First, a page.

#156– July 18, 2022
Concerto No. 2 for Piano, Winds and Percussion by Spanish-American composer and conductor Leonardo Balada is our Composition of the Week.
Written in 1974, the concerto has a duration of 16 minutes. Balada’s music features extensive rhythmic variance and unique orchestration, often in service of a haunting atmosphere.
Balada was born in Barcelona, Spain. After studying piano at the “Conservatori Superior de Música del Liceu” in Barcelona, Balada emigrated to the United States in 1956 to study at the New York College of Music on scholarship. He left that institution for the Juilliard School in New York, from which he graduated in 1960. He studied composition with Vincent Persichetti, Alexandre Tansman and Aaron Copland, and conducting with Igor Markevitch.
In 1981, he became a naturalized citizen of the United States.
He taught at Carnegie Mellon University in Pittsburgh, Pennsylvania starting in 1970, and retired in 2020.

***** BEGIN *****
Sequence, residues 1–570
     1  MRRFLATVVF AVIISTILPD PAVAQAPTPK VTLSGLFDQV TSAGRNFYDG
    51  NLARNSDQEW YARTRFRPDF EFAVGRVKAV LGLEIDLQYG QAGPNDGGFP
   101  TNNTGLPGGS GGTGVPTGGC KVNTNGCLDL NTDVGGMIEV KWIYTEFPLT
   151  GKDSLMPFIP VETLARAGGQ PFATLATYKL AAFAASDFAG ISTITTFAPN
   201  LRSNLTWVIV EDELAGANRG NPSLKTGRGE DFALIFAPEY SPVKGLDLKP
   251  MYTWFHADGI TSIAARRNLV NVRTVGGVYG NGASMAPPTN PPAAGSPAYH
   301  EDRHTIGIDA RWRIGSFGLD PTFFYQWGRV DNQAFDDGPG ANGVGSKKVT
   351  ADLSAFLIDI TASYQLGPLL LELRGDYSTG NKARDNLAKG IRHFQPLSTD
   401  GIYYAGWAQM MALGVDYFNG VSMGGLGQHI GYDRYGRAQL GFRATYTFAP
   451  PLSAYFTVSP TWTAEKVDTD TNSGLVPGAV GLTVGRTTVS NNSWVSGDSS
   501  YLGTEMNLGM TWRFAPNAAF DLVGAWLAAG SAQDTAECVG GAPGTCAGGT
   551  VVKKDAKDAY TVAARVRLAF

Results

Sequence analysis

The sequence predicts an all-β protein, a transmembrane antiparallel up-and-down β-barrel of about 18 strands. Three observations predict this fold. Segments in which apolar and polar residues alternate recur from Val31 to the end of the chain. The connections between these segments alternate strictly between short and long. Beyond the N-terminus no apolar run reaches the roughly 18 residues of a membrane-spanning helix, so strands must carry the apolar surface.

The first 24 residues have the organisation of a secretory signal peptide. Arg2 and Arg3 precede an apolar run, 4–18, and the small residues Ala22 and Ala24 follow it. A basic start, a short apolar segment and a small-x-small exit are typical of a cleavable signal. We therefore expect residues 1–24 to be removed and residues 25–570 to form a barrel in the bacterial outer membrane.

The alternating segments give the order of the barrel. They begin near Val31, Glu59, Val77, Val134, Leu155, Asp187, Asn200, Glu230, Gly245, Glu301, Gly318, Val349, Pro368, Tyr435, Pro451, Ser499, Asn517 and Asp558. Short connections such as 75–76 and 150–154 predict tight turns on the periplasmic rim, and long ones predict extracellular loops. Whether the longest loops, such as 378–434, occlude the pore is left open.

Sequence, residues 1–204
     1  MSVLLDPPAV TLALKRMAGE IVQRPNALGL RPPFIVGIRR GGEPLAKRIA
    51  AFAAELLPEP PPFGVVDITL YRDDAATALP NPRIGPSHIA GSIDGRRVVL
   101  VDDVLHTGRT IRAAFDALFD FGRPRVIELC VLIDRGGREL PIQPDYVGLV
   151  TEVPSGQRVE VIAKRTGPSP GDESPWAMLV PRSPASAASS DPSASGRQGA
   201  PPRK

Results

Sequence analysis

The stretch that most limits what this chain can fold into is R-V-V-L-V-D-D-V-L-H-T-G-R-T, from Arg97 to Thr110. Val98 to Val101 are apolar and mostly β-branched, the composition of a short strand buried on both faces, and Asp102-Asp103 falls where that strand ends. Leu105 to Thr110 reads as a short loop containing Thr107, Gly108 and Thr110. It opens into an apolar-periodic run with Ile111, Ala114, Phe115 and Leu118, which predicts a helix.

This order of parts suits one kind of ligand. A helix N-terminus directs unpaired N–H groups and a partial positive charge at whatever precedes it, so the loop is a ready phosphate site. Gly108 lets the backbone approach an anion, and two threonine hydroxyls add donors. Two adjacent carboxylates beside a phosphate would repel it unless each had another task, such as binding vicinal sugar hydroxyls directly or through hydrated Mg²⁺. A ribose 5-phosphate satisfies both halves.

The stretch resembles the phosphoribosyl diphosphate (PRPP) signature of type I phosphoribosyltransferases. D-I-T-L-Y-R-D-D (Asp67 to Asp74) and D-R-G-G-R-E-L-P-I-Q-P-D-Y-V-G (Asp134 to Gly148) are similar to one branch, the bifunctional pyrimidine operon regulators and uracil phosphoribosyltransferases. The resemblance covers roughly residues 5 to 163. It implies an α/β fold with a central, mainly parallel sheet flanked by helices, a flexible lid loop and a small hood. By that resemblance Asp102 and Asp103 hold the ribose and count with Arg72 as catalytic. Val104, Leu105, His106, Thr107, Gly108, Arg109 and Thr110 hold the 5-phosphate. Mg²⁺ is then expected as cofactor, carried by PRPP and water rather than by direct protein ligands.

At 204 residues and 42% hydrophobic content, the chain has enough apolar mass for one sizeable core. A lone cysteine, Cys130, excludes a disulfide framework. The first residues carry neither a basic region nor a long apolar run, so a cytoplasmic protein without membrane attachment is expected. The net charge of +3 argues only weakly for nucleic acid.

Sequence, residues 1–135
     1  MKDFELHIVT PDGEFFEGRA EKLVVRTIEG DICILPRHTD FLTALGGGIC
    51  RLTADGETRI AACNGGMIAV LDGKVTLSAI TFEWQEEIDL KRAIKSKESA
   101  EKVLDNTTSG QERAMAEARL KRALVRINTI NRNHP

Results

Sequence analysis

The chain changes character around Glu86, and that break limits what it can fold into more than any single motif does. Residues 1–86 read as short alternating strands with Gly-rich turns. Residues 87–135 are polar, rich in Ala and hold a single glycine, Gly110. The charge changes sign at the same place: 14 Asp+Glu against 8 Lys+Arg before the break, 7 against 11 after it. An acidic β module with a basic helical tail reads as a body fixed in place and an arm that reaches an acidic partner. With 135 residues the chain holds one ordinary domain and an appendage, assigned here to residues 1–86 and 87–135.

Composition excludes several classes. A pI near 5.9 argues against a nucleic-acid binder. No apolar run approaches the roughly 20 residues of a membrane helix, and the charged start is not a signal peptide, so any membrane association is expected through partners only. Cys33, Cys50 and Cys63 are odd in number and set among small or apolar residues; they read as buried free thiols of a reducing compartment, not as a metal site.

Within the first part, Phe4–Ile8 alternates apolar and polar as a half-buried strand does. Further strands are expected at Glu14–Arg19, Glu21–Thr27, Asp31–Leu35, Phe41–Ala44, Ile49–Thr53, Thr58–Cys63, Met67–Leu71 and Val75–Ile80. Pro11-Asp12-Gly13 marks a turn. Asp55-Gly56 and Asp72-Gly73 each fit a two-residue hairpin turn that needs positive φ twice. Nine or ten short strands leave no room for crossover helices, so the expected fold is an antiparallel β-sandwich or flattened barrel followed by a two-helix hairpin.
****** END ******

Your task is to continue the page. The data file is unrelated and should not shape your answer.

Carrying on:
Balada’s works from the early 1960s display some of the characteristics of neoclassicism, but he was ultimately dissatisfied with this technique, and in 1966 began to move towards a more avant-garde style, producing works such as Guernica.
Balada felt a need for a change again in 1975, his work from then onward being characterized by the combination of folk-dance rhythms with the avant-garde techniques of the previous period. Harmonically, Balada’s mature period work displays a combination of the tonality of folk music with atonality. Compositions representative of this period include Homage to Sarasate and Homage to Casals.
Balada’s works for winds have been recorded by Naxos Records.
Other works for winds include:
- Cello Concerto No. 1 for nine players (1962)
- Symphony No. 2 “Cumbres” (1972)
- Viola Concerto (2009 – 2010)